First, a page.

When the patients asks for an abortion and the doctor refuses, that’s vetoing the wishes of the patient. Is a vegetarian restaurant owner is vetoing the wishes of a patron that asks for fried chicken by telling them no, they will have to go elsewhere? You may claim that constitutes a veto, but I don’t think it does.

    That’s the doctor putting their religion above the needs of the patient. It’s discrimination. No, it’s not discrimination. See above. It seems to me that if you insist the doctor has an obligation to perform the procedure when they have moral issues against doing so, it is you who are imposing your moral values on the doctor.

    Providing health care for their patients, which includes abortions and other legal procedures like sterility procedures, is part of the duty of their profession. Period. They are claiming that they don’t have to follow their duties whenever they don’t feel like it, and that they get to do this simply by citing some religious objection.

    I am in agreement with Mike Blyth above who wrote:

    I do think that it’s reasonable to consider ethical questions involving killing at a different level than, say, giving a life-saving tranfusion. I don’t know what the applicable laws are in prisons, but I would be sympathetic to a guard who refuses on ethical grounds to carry out an execution, despite the fact that it is part of his job description and is perfectly legal. Likewise, I think it is very reasonable that we should have different standards for oversight in intelligence operations involving killing than for other operations. So I think it’s specious to dismiss the issue by comparing it to other issues of medical care.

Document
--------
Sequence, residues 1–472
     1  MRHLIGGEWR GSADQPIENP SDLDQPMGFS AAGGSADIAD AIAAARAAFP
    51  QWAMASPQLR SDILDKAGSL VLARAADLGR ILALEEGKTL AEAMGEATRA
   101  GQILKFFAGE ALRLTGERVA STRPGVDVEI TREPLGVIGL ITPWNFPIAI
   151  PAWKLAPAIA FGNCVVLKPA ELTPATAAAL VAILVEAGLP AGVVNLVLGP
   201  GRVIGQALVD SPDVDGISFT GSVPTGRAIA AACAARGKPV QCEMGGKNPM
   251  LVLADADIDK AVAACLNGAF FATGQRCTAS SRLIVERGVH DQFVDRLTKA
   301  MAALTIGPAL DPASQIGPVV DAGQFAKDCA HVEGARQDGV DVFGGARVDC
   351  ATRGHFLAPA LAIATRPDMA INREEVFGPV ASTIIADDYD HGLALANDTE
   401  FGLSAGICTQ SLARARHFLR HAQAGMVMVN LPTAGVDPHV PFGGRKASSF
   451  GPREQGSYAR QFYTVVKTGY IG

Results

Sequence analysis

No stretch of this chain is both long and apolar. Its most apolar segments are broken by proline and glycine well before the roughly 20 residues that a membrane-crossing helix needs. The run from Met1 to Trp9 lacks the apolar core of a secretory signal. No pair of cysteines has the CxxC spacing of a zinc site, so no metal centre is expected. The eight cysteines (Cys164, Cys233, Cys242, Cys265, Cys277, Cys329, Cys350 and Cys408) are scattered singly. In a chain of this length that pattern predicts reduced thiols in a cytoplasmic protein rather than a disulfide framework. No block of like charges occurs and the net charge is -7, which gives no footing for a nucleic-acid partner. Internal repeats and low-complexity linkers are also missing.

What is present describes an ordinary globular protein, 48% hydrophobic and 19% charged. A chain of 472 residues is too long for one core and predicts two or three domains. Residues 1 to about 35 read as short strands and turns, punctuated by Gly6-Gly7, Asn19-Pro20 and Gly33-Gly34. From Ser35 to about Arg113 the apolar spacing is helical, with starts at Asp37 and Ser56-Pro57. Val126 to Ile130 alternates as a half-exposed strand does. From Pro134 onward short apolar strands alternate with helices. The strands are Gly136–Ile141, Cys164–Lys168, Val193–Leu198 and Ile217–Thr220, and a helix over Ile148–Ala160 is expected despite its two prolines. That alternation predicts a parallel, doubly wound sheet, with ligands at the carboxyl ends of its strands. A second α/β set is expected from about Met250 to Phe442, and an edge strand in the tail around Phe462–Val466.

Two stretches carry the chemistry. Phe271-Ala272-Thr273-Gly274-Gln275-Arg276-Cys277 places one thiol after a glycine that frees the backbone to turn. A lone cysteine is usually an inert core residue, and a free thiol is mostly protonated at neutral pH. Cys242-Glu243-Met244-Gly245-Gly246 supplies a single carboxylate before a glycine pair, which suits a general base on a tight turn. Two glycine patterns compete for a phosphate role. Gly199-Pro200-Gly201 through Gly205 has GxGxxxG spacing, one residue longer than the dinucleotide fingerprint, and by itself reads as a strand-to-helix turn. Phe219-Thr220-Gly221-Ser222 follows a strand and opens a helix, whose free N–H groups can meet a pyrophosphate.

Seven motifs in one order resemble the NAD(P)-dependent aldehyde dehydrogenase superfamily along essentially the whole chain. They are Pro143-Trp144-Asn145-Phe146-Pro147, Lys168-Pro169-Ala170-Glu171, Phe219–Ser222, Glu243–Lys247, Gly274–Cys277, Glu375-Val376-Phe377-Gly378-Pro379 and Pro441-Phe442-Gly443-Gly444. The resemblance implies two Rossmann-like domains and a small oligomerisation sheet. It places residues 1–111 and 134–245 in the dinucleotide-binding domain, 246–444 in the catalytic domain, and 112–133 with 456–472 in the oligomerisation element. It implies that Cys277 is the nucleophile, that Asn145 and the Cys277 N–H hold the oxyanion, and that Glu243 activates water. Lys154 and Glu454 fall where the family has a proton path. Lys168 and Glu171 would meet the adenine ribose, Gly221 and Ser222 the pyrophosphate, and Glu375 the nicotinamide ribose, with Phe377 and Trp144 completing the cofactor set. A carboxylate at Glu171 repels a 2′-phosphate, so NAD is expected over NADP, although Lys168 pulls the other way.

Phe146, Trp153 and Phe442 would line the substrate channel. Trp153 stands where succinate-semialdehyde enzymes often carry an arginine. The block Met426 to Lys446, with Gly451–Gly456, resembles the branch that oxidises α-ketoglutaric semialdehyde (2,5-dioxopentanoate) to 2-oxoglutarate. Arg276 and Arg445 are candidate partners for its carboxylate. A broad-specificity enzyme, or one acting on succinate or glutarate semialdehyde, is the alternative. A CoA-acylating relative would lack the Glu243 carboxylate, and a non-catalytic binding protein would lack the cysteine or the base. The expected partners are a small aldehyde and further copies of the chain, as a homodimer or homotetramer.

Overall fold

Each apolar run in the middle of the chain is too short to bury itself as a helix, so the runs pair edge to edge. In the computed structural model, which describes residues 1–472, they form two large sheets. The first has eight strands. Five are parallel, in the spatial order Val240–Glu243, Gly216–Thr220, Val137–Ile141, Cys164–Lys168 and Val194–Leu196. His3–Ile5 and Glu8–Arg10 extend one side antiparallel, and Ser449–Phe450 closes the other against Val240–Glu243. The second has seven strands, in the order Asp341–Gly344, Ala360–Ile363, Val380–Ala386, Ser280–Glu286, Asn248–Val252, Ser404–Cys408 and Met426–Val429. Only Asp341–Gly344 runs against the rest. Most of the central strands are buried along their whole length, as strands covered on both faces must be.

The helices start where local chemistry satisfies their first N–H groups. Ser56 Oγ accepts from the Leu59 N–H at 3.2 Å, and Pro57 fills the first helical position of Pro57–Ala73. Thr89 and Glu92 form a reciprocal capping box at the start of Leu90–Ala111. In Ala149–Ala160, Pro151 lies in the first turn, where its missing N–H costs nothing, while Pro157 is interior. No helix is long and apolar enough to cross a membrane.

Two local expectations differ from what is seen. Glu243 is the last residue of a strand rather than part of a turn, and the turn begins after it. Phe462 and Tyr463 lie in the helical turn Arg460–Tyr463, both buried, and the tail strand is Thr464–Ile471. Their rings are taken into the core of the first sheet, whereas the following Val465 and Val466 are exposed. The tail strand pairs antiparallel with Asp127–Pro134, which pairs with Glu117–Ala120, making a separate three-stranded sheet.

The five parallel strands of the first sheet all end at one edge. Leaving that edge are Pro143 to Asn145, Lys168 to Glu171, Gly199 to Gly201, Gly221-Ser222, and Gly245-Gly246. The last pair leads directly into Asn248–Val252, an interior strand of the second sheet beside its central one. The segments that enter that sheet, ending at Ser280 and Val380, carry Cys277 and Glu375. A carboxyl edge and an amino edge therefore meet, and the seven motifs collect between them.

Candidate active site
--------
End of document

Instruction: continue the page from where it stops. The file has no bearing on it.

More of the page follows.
It can and does lead to all kinds of abuses, up to and including death of the patient.

    I’m don’t think this is true for self-employed obgyn’s who won’t provide abortions. Can you give me an example of a patient who died because their obgyn told them they would need to get another doctor to perform the abortion?

    It’s intolerable and flies in the face of what it means to have a professional duty. If an ob/gyn doesn’t want to perform abortions, they should get the hell out of the profession, because they have a duty to their patients that they are refusing to follow through with. I have to disagree with you here. I don’t think that every physician has a duty to offer every single procedure that might be considered part of their general area. Not all dentists handle root canals and it isn’t a dereliction of duty for them to refer a patient to someone who does.

    OTOH, I do think it would be intolerable to force physicians to choose between committing what they consider murder or leaving the profession they have invested their life thus far into. As Mr. Blyth put it, it’s reasonable to consider ethical questions involving killing at a different level than other types of procedures. If a dentist can choose not to offer root canals, why cannot an obgyn choose not to offer abortions?